The Pelpos was the standard Feminine dress style of Ancient Greek women, dating to 500 BC (with variants much older). The style was used by both wealthy and common women, with materials being the most common difference. A long fabric, The Pelpos was a sewn elongated piece which was tubular in shape. Extending to the feet, the upper excess material was fastened over either right or left shoulder by ties or broaches. Excess material was sometime draped over the arm of The Wearer. Later versions would later remove the longer carried extension. Color was achieved thru a dying process, with basic and often vibrant colors created for wear. Most Pelpos were plain or devoid of embellishments. Royalty was known to apply countercolor variants to the hems, sleeves and necks on occasions.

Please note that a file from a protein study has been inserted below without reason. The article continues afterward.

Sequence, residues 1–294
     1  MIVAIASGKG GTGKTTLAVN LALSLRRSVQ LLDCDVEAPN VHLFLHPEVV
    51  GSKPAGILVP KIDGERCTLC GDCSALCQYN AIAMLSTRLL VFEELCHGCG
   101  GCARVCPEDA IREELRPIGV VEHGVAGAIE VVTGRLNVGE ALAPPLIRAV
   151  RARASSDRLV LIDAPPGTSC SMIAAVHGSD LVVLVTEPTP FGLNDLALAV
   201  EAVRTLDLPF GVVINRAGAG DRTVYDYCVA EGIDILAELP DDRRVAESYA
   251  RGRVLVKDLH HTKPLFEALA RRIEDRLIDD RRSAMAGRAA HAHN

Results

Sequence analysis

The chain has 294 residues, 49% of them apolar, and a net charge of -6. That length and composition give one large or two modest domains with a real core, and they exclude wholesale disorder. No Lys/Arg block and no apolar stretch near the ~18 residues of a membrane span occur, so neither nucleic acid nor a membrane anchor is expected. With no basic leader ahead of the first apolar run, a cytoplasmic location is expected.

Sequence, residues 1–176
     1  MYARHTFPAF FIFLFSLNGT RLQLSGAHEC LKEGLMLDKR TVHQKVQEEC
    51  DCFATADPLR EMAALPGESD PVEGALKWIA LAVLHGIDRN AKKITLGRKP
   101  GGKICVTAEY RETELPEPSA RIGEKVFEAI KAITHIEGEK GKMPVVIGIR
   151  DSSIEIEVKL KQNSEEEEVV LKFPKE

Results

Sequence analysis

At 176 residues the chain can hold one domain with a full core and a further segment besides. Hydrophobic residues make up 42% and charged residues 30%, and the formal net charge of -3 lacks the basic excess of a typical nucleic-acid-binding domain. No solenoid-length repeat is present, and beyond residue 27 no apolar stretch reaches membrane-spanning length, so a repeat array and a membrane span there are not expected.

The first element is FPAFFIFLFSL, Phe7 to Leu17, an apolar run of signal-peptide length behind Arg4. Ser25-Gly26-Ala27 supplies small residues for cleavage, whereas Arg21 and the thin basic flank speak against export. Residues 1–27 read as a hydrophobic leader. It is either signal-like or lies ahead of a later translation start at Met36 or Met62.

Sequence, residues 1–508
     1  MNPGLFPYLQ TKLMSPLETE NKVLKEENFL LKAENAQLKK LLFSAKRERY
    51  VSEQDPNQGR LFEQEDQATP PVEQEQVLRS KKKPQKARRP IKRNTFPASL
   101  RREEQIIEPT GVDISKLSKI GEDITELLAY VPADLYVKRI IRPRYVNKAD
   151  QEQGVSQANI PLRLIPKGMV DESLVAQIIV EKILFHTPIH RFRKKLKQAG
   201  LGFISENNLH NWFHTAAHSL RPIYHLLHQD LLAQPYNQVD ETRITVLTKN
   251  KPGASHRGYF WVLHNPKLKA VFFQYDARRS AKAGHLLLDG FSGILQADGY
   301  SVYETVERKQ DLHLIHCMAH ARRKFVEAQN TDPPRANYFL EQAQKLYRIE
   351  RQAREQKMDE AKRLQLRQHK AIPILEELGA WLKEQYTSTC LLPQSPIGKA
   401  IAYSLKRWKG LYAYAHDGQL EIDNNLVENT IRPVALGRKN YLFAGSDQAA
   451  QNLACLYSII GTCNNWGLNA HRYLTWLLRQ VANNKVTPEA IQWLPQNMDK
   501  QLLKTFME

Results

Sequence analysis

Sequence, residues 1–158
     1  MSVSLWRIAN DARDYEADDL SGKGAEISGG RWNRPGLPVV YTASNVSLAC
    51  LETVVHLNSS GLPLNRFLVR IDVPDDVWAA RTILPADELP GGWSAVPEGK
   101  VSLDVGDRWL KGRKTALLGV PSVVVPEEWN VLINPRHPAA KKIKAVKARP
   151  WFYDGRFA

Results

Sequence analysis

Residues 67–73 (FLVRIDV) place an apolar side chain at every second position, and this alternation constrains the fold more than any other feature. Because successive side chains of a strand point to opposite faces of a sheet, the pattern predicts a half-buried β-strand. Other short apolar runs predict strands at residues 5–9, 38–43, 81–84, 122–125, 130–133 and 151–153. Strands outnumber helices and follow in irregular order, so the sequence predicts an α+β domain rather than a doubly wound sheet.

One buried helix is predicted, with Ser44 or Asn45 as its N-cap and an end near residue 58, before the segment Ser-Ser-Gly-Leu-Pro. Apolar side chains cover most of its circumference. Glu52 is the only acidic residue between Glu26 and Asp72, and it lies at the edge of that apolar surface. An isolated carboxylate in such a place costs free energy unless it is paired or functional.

Although the basic goal of The Pelpos was to conceal a Woman’s body from view (which was a cultural marker for married women), younger or unmarried Girls often wore Pelpos with side slits on the garments sides, which showed the maximum amount of “thigh” or leg. This somewhat “scandalous” fashion style was popular with Spartan Women. Most Greek Woman made (or had made) their Pelpos in both a lighter (or Summer) material and a heavier (Winter) style. The Pelpos was also cinched at the wait through design ot by a simple cloth belt. The Pelpos would remain the standard dress for Centuries and inspired much of the later Roman and Byzantine fashion.